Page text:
Many celebrities of the likes of Kate Hudson, Angeline Jolie or Cher, have openly showcased their support for their children’s choices and raise them beyond the gender-based roles and stereotypes that are externally prescribed to them. Countries like Sweden have even gone so far as to include gender-neutral pronouns like “hen” in their representation to foster a culture of acceptance and inclusivity. 

Imbibing a culture gender-openness in your homes

Just like they say that charity begins at home, the change in our society when it comes to gender will have to first unravel at home. Once we understand what it means to undo one’s gender, imbibing a culture of gender-openness and queerness becomes easier for both parents and children. 

One of the main reasons to imbibe a culture of gender-openness is to embrace the worldview that society doesn’t and shouldn’t dictate a person’s individuality but the individual themselves. Conscious parenting allows room for a child to try and err, it allows room for them to fall several times before they find their path and discover their identity, rather than have it fed and dictated to them. Parenting shouldn’t have to categorise a child’s inclinations and preferences into dual spectrums of blues and pinks but rather make room for the child to choose a colour or colours that work for them and support them in their choices.

From a young age, it’s important to steer children away from dual choices that feed into the toxic stereotypes of gender, and have open discussions with kids. Nurture every child’s choices as that of their own, whether that means they enjoy playing with dolls or enjoy cross-dressing. Give them the option of choosing from a range rather than ultimatums of this or that, and see where their creativity and individuality takes them. Showing them that the possibilities of their existence are many and that there is no pressure to ascribe to either sets the groundwork in raising children that are mentally and emotionally strong and secure in who they are and what they want.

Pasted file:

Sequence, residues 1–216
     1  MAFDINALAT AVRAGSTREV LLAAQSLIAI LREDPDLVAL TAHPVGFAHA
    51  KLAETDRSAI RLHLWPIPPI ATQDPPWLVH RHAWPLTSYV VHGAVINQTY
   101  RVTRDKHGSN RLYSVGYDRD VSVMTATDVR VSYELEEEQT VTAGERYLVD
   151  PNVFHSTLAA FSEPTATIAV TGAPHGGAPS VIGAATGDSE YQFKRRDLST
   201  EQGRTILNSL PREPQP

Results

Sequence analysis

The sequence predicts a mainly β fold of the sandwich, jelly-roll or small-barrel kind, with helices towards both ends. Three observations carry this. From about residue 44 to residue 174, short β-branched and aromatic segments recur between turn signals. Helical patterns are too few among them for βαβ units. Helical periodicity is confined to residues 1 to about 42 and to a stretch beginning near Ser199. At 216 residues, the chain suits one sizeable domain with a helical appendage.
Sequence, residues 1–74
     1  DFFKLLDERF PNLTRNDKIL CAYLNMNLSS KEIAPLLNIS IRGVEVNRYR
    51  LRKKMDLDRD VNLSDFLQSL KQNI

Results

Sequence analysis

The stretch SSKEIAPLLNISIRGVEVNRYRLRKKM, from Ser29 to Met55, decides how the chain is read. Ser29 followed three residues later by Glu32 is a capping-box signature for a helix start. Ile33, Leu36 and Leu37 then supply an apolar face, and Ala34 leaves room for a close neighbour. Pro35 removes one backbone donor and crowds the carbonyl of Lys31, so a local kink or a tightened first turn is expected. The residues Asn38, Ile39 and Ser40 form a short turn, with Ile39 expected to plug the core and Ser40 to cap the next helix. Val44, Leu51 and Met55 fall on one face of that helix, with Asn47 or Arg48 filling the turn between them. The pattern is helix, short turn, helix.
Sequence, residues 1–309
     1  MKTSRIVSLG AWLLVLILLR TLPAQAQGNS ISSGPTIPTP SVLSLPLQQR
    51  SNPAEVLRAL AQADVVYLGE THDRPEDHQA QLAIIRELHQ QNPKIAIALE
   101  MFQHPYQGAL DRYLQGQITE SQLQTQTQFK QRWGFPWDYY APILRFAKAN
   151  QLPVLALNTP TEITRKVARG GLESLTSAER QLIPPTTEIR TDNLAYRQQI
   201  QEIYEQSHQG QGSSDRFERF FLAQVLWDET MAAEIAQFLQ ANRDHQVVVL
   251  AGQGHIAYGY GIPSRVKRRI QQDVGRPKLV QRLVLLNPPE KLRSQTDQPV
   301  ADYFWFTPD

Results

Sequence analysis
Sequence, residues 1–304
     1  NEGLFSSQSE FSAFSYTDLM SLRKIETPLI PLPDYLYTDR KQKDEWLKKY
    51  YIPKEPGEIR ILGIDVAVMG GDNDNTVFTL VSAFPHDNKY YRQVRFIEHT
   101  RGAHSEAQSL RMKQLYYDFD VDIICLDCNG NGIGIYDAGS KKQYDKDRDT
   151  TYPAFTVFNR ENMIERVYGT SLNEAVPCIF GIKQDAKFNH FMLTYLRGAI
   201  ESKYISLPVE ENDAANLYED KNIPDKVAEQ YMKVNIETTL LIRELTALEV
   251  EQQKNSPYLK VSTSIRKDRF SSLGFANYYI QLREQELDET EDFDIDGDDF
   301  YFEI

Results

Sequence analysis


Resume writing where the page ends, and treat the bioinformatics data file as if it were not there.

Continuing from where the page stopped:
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Getting the vocabulary right 

Embrace the pronouns and get the vocabulary right from a young age so that children feel seen, safe, embraced and heard. From a young age, it is possible to steer children away from the thinking that girls only wear pink, that girls cry, or vice versa where boys wear blue and boys don’t cry. Using the right terminologies can help children tackle issues like bullying at schools where other kids are raised in an environment that fosters these stereotypes. 


For example, Dr. Christia Spears Brown, a Ph.D. holder and a gender-neutral parenting expert gives an example of how one could include the right vocabulary into day-to-day conversations and happenings with children. She says in the situation of when a boy chooses to carry a pink backpack to school but fears the bullying, a gender-expansive response could be something like, Son, this is a great backpack, I love this pink backpack. But if someone says something about you having a pink backpack, what's something you can say back? This helps them come up with concrete comebacks, making it into a joke or something to diffuse the situation." 


Raising children in an open and nurturing environment not only helps them with their own identities, but also breeds empathy and an acceptance that all lives matter and that every life is just as valid and deserving of opportunities. It fosters the understanding that opportunities should be made available to all and not just to the ones who conform. 

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Gender-neutral parenting isn’t easy, especially considering the fact that most parents have also been born and raised within this societal conditioning that dictates the terms by which they should exist. However, having the openness to embrace newer trains of thoughts and the endless possibilities of the human experience goes a long way in making the world a safer and more inclusive space for all kinds of people to co-exist without the biases of gender.